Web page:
Zigzagging up a steep section of Cox Hill

Turn right and continue walling up through a stand of trees for another 10 minutes or so until you finally pop out, just 50 metres from the Cox Hill summit. Find a slab of rock and sit back to enjoy the panorama of mountain peaks. If you’ve brought a picnic lunch, watch out for sneaky chipmunks at the top.

To return, simply retrace your steps though there is the option to continue on Jumpingpound Ridge Trail. I have yet to do that but the trail is obvious from the summit.

The Cox Hill hike is a workout but it delivers premium views. Be sure to take lots of water as after you’ve crossed the creek you won’t any until you’re back where you started.

Wildflowers galore
Wildflowers galore
Those with energy can connect to the Jumpingpound Ridge Trail from the summit
Those with energy can connect to the Jumpingpound Ridge Trail from the summit of Cox Hill
Looking over to Moose Mountain
Looking over to Moose Mountain from the Cox Hill hike
A dog's eye view of the trail
A dog’s eye view of the trail
Looking west past the Hunchback Hills
Looking west past the Hunchback Hills

The Cox Hill hike in winter

I didn’t know you could do the Cox Hill hike in winter until a friend told me she’s done it in 2021. The only thing that’s different than the summer is the cold and the wind. You really need to dress in layers and take very warm mitts for your lunch stop. I found it to be as beautiful as summer, but in a different way. The snow-capped peaks were a sight to see on a bluebird day.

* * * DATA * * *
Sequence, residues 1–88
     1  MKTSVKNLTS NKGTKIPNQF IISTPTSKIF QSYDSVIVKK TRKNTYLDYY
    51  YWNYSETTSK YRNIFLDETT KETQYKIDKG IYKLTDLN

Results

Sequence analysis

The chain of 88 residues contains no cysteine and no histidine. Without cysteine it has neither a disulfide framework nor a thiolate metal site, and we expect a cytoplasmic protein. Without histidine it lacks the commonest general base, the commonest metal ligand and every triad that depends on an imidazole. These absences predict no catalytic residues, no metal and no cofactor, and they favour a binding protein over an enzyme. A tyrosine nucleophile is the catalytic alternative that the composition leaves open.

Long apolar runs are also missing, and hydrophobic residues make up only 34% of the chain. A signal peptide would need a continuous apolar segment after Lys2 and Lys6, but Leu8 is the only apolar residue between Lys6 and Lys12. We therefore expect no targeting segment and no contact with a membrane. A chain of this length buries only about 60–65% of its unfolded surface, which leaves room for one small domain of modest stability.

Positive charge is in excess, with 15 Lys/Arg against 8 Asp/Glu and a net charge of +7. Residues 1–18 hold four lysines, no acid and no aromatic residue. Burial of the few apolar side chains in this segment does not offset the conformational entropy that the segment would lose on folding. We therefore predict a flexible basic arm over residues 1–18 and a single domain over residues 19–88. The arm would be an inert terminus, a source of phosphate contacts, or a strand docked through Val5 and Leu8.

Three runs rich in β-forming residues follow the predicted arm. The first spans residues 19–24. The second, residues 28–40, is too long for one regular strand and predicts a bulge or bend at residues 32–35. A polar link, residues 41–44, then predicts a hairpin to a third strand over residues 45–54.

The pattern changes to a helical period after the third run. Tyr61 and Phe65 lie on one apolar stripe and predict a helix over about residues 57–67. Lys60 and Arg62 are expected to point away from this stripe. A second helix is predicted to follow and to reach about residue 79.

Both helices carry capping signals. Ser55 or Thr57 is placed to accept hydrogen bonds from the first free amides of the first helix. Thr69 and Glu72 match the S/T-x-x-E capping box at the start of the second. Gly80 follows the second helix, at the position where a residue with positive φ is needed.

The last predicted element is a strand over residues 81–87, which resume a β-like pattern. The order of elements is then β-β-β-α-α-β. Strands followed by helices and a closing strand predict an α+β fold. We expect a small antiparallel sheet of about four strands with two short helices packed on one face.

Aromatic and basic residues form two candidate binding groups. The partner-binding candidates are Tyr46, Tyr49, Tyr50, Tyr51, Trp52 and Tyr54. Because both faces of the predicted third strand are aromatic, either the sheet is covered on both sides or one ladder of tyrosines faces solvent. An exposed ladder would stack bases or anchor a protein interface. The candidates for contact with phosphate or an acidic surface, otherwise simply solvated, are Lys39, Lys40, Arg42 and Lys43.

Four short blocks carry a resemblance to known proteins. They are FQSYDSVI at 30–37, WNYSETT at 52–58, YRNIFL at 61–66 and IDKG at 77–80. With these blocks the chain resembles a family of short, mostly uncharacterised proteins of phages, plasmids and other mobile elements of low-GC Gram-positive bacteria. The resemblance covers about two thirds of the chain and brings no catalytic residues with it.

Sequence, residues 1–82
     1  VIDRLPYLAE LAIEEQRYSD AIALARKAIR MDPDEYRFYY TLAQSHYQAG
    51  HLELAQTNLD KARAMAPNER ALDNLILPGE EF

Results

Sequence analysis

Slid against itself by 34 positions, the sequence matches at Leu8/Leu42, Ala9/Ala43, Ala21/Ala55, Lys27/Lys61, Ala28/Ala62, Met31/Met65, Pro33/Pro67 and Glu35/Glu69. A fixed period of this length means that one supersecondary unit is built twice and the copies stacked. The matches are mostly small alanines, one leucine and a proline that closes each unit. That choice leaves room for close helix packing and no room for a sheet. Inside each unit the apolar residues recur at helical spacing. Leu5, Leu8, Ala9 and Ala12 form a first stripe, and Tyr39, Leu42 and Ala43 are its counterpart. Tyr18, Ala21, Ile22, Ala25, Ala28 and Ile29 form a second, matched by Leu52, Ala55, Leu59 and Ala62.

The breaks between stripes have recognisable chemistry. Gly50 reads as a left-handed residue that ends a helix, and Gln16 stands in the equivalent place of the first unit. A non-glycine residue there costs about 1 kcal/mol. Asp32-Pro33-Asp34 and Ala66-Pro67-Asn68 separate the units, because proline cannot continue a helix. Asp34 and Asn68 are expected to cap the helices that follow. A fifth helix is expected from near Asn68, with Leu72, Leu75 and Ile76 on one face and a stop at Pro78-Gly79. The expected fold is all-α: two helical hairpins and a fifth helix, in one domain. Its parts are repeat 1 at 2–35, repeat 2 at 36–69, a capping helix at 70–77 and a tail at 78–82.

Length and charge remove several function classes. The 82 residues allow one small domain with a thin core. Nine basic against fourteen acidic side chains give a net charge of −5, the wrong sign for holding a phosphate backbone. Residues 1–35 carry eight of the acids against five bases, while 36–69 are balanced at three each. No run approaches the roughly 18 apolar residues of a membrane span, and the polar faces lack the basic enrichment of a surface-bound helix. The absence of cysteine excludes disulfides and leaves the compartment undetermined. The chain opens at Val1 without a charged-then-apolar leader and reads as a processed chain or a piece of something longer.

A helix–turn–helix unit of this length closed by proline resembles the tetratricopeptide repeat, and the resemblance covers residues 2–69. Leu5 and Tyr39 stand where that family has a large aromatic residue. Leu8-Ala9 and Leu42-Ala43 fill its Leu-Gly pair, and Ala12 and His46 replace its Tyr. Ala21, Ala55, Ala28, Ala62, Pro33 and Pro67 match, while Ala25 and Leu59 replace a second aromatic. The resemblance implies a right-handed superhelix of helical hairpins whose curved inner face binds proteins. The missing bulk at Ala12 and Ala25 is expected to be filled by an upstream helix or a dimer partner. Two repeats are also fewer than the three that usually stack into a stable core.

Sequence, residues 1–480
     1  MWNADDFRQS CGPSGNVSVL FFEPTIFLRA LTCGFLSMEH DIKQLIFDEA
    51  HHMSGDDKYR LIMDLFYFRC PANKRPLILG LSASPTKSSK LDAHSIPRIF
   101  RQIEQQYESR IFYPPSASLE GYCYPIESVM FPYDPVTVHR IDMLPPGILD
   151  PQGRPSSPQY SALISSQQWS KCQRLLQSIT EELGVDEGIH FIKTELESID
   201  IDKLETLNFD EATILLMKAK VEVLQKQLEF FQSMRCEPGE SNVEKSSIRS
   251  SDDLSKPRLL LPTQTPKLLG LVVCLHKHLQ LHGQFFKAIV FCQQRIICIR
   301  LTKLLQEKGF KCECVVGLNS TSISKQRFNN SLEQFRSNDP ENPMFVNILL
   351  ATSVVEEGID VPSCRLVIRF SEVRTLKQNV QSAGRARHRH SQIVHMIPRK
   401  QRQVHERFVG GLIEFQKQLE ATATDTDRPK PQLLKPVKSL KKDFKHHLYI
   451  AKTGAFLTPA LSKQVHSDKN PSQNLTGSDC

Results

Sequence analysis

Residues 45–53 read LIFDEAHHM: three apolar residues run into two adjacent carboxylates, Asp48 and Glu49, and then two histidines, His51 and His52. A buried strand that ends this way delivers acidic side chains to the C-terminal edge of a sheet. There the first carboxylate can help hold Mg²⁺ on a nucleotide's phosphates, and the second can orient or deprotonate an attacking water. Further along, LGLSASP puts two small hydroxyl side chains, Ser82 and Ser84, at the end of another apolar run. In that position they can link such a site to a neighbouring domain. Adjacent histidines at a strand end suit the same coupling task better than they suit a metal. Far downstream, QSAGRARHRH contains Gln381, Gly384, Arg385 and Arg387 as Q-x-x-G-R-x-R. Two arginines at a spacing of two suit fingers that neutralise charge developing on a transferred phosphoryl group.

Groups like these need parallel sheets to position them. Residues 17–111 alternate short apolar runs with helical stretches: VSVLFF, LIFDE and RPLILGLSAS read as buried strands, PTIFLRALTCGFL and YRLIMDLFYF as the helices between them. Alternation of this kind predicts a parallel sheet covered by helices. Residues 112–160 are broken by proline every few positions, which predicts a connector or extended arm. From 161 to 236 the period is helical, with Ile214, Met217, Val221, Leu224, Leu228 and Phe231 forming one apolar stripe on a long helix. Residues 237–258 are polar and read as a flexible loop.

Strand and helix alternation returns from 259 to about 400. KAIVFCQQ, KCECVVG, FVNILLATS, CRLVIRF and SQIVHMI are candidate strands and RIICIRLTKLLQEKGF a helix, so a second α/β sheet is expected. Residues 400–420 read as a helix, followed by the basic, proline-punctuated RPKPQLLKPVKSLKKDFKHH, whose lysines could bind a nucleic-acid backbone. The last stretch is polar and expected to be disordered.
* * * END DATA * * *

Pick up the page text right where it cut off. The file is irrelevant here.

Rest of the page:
I always think about avalanche danger. It seems low on this hike BUT be mindful as you traverse in the trees just below the bare summit slopes and on the final ascent. The summit ridge itself is prone to cornice building so stay off the cornices. The snow depth was low when we did it – and to be on the extra safe side, we moved quickly through the area, crossing it in seconds. I bet most people don’t even give it a second glance.

I found the descent easy in winter ( we were down in two hours) but I would suggest you carry microspikes and hiking poles

Looking down the steep slope you climb after you leave the trees
Looking down the steep slope you climb after you leave the trees
You can see downtown Calgary from the ridge
You can see downtown Calgary from the ridge
Compact windswept snow on the ridge
Compact windswept snow on the ridge
Lovely, easy walking with little elevation gain to the summit of Cox Hill
Lovely, easy walking with little elevation gain to the summit of Cox Hill
We found a place out of the wind in the sun to enjoy lunch
We found a place out of the wind in the sun to enjoy lunch
Our high point on Cox Hill with a grand view
Our high point on Cox Hill with a grand view
It's not a busy trail on a winter weekend
It’s not a busy trail on a winter weekend
The last of the views before we are into the trees
The last of the views before we are into the trees

Where to stay in the area

There is camping along Highway 68 at Pine Grove and Sibbald Lake Provincial Campground.

Other nearby options include the Wilderness Hostel near Kananaskis Village and the more upscale Kananaskis Mountain Lodge

What to take on the Cox Hill hike

Buy bear spray locally but I also recommend a holster for the bear spray so you can quickly access it.

If you’d like to learn more about the wildflowers you see, check out Alberta Trees and Wildflower Guide.

At lunch time a bum cushion is great for comfort. It might save you from sitting on something wet. 

More Alberta hikes you’d probably enjoy

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The Cox Hill hike off the Powderface Trail in Alberta